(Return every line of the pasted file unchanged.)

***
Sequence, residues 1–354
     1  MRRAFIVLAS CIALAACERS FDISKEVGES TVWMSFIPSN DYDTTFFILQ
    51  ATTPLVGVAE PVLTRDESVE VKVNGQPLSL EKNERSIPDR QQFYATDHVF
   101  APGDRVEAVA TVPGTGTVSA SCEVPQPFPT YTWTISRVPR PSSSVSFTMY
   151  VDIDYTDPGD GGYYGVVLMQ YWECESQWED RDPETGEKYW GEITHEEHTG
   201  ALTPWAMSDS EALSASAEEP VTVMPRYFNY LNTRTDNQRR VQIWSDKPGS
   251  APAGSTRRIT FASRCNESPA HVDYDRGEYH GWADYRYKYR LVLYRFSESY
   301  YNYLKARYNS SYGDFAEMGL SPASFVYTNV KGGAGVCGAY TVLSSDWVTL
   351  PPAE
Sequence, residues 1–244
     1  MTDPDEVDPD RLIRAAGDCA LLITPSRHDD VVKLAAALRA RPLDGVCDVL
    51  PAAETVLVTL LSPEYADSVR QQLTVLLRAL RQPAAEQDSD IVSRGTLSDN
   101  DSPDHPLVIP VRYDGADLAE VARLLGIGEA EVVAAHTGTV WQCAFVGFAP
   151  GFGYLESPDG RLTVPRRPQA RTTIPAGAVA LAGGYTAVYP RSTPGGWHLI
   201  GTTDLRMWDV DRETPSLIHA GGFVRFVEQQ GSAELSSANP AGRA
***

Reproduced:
Sequence, residues 1–354
     1  MRRAFIVLAS CIALAACERS FDISKEVGES TVWMSFIPSN DYDTTFFILQ
    51  ATTPLVGVAE PVLTRDESVE VKVNGQPLSL EKNERSIPDR QQFYATDHVF
   101  APGDRVEAVA TVPGTGTVSA SCEVPQPFPT YTWTISRVPR PSSSVSFTMY
   151  VDIDYTDPGD GGYYGVVLMQ YWECESQWED RDPETGEKYW GEITHEEHTG
   201  ALTPWAMSDS EALSASAEEP VTVMPRYFNY LNTRTDNQRR VQIWSDKPGS
   251  APAGSTRRIT FASRCNESPA HVDYDRGEYH GWADYRYKYR LVLYRFSESY
   301  YNYLKARYNS SYGDFAEMGL SPASFVYTNV KGGAGVCGAY TVLSSDWVTL
   351  PPAE
Sequence, residues 1–244
     1  MTDPDEVDPD RLIRAAGDCA LLITPSRHDD VVKLAAALRA RPLDGVCDVL
    51  PAAETVLVTL LSPEYADSVR QQLTVLLRAL RQPAAEQDSD IVSRGTLSDN
   101  DSPDHPLVIP VRYDGADLAE VARLLGIGEA EVVAAHTGTV WQCAFVGFAP
   151  GFGYLESPDG RLTVPRRPQA RTTIPAGAVA LAGGYTAVYP RSTPGGWHLI
   201  GTTDLRMWDV DRETPSLIHA GGFVRFVEQQ GSAELSSANP AGRA